Cab driver Edwin DeJesus is one of the first to put on a bullet resistant vest as part of this new pilot program.
He believes it could mean the difference between life and death for fellow cabbies who work dangerous hours in tough neighborhoods.
"It's scary. Imagine we're trying to make money and live. It could happen to us," said Edwin DeJesus.
Security USA donated the 12 vests worth nearly $6,000.
The New York Federation of taxi drivers is also asking retired police officers to donate their vests too.
Federation president Fernando Mateo says the $450 vests are another level of protection for drivers in high crime areas.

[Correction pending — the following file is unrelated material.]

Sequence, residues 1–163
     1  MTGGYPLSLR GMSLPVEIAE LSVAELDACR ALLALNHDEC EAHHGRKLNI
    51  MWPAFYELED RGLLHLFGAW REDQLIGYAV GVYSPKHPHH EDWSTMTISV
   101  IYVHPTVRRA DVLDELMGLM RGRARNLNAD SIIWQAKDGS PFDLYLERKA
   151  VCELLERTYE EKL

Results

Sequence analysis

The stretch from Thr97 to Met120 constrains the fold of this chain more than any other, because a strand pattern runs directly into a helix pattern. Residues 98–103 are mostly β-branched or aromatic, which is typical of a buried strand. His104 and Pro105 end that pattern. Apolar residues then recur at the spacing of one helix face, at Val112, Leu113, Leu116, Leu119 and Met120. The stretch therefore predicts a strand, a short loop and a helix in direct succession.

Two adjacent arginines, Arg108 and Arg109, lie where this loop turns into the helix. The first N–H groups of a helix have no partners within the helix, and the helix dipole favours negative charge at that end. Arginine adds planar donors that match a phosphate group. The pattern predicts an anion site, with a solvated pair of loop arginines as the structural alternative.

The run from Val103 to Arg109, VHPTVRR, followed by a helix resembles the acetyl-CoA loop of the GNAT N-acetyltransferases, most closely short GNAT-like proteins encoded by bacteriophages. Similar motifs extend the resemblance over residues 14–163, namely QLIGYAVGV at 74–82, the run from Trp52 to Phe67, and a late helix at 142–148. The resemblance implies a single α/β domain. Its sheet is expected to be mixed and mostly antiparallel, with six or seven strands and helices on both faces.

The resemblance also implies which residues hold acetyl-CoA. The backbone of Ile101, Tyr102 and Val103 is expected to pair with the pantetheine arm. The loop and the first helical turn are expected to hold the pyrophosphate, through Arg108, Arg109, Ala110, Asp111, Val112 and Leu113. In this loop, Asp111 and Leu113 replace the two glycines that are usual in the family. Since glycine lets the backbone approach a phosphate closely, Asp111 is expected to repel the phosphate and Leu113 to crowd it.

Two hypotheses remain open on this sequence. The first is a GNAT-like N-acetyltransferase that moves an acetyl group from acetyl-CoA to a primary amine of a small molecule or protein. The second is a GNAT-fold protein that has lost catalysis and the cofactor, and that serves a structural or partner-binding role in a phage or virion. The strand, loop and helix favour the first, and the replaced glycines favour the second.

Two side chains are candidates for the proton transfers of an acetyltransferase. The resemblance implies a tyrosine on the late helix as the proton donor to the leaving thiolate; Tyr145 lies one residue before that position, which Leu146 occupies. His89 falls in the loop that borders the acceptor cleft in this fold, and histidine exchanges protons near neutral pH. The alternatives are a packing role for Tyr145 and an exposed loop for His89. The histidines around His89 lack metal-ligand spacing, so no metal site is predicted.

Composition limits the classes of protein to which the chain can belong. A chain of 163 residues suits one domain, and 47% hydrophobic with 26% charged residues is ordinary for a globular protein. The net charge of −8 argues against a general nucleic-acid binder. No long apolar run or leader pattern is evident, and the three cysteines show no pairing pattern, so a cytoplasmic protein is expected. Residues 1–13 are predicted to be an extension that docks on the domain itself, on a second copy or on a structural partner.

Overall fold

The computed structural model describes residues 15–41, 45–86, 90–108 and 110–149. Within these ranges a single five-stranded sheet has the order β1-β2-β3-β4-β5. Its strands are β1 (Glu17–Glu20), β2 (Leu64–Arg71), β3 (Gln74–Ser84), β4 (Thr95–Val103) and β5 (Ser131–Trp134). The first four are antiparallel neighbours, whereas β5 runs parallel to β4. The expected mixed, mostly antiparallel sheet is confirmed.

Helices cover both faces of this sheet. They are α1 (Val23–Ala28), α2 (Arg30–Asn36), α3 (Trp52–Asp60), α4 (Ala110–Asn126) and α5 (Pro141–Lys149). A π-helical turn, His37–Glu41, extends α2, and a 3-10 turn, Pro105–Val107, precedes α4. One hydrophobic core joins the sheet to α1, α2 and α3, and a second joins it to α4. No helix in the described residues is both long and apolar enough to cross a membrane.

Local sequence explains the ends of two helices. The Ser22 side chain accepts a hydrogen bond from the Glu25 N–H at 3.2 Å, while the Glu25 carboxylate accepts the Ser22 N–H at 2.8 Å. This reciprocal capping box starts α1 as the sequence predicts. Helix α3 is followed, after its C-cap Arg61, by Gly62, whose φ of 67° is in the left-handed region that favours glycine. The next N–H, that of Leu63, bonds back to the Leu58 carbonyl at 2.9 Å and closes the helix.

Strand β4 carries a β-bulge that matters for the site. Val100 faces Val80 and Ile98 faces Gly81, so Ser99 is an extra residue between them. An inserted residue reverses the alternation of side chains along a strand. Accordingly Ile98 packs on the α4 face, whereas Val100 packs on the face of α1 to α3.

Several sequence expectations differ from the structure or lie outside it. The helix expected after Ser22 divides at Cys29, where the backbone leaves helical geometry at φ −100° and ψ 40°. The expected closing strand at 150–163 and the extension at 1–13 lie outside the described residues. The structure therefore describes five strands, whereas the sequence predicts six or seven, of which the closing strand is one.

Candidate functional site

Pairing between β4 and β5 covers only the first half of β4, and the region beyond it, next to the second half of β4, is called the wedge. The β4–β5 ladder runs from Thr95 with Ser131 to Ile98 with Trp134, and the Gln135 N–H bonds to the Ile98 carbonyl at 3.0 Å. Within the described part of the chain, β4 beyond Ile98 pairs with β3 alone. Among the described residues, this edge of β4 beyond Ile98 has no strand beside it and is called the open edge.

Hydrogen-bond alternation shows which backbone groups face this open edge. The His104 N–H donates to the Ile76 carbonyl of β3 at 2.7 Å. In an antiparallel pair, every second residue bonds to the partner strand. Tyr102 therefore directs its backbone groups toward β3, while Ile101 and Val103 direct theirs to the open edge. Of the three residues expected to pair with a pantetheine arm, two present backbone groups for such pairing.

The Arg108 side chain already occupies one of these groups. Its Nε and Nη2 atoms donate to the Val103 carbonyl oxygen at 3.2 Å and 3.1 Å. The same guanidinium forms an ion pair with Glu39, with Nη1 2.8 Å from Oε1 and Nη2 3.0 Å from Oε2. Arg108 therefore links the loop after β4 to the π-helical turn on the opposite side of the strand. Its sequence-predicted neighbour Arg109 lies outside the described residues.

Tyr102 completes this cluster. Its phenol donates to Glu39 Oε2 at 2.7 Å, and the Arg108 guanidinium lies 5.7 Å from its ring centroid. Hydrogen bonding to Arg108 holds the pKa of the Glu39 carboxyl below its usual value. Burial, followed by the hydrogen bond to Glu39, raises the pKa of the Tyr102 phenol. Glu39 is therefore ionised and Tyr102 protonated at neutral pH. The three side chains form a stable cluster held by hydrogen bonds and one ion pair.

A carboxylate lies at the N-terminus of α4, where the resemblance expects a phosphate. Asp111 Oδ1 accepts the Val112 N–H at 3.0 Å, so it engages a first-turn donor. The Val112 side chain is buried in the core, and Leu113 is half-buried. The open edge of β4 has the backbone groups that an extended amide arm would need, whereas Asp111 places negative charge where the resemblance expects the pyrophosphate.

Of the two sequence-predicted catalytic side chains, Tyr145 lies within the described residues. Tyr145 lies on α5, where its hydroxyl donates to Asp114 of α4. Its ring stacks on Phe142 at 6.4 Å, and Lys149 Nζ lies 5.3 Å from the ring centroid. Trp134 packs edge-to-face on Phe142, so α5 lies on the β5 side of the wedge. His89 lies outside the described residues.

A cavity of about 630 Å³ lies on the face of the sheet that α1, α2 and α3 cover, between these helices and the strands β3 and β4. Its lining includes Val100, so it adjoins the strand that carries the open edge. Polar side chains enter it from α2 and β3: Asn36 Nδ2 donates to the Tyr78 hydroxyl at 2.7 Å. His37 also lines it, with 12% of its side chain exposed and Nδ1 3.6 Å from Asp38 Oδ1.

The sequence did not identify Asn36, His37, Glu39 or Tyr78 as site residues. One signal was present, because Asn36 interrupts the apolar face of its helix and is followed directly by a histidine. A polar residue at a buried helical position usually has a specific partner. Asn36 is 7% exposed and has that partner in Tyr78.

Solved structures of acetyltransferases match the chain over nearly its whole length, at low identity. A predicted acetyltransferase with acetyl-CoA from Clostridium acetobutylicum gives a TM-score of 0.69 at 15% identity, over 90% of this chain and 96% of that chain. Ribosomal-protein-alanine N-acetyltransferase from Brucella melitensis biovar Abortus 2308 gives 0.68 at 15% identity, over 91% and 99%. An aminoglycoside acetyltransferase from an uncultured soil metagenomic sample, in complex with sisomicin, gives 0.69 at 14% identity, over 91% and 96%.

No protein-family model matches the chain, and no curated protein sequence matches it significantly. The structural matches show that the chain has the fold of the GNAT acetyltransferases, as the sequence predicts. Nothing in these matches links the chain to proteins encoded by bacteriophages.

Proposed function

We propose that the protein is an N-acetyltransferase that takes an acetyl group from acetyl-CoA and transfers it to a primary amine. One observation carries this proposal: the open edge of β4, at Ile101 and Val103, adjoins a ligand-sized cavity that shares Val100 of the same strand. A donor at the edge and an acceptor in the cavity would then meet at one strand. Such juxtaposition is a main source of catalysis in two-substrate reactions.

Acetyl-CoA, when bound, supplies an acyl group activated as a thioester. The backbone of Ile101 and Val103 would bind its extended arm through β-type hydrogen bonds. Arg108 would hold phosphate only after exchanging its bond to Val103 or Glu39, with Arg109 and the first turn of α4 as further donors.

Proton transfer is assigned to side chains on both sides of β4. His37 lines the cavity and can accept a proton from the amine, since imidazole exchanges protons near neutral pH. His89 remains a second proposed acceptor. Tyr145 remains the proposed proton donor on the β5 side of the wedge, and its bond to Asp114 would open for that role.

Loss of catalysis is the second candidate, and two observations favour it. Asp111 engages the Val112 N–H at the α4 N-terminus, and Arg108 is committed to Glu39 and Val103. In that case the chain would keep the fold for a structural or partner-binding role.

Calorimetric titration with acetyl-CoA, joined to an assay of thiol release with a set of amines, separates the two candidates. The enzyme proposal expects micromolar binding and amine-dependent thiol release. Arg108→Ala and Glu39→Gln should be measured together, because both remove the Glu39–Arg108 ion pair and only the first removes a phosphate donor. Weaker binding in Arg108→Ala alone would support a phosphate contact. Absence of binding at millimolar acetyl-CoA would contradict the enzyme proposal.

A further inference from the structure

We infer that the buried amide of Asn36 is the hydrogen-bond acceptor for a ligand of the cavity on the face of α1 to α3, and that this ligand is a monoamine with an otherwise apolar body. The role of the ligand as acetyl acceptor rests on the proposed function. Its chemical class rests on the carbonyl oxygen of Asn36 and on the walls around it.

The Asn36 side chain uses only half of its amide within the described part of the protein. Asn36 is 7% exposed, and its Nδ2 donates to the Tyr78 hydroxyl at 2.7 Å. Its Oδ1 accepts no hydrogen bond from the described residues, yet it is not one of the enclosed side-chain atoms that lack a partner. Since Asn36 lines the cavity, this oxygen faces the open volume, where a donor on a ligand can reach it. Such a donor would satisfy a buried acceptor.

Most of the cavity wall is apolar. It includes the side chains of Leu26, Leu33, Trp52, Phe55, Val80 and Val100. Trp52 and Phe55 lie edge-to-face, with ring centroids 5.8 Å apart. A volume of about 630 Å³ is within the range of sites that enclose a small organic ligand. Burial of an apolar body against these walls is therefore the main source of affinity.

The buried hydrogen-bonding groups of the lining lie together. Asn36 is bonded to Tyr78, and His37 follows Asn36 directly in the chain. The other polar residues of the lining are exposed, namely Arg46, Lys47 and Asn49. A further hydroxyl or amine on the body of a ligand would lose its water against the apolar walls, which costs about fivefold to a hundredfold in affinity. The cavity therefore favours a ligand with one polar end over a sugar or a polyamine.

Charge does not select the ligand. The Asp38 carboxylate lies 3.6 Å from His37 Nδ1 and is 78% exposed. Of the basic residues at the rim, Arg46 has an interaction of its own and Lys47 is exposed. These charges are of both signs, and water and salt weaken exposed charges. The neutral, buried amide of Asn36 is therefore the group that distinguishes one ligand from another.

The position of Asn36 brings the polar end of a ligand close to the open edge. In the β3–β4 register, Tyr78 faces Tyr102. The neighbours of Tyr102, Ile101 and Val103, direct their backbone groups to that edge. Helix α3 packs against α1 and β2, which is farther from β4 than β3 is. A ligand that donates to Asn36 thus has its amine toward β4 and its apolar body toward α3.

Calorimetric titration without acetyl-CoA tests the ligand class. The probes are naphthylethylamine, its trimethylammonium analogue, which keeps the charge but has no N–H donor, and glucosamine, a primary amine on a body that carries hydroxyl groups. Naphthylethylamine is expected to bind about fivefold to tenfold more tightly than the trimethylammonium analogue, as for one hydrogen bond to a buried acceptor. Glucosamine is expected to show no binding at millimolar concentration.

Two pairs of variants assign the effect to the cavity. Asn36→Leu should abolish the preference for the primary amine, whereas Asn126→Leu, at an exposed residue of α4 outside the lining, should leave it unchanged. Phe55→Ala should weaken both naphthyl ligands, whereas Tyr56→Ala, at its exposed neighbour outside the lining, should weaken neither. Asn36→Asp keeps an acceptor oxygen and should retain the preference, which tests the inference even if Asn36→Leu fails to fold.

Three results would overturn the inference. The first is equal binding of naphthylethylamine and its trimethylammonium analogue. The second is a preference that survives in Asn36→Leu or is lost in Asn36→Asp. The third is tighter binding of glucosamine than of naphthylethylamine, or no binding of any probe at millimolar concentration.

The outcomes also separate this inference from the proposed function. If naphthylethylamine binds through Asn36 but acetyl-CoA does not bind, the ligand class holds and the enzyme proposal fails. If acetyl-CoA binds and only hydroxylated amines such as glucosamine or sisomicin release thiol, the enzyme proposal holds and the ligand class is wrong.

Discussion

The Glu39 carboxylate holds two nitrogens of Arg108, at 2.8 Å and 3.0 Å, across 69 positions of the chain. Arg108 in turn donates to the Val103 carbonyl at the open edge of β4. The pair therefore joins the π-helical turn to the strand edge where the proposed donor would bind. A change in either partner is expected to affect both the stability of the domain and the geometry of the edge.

"We have cameras we have partitions, we have GPS it has helped reduce robberies and murdered by 90 percent," said Mateo.
The federation is putting these vests in the hands of drivers in East New York, the south Bronx and Jamaica, Queens. They say these are high risk areas.
The private program comes on the heels of the Trevor Bell shooting in South Ozone Park.
Surveillance video shows his shooter reach around the back seat then point a gun at the father of two.
He's in critical condition at the hospital after being shot in the neck and legs.
Mayor Bloomberg and Police Commission Kelly don't think the vests are necessary but certainly understand drivers concerns.
"I don't think they need to do that. But if they do it, as a private institution, they have a right to do it," said Bloomberg.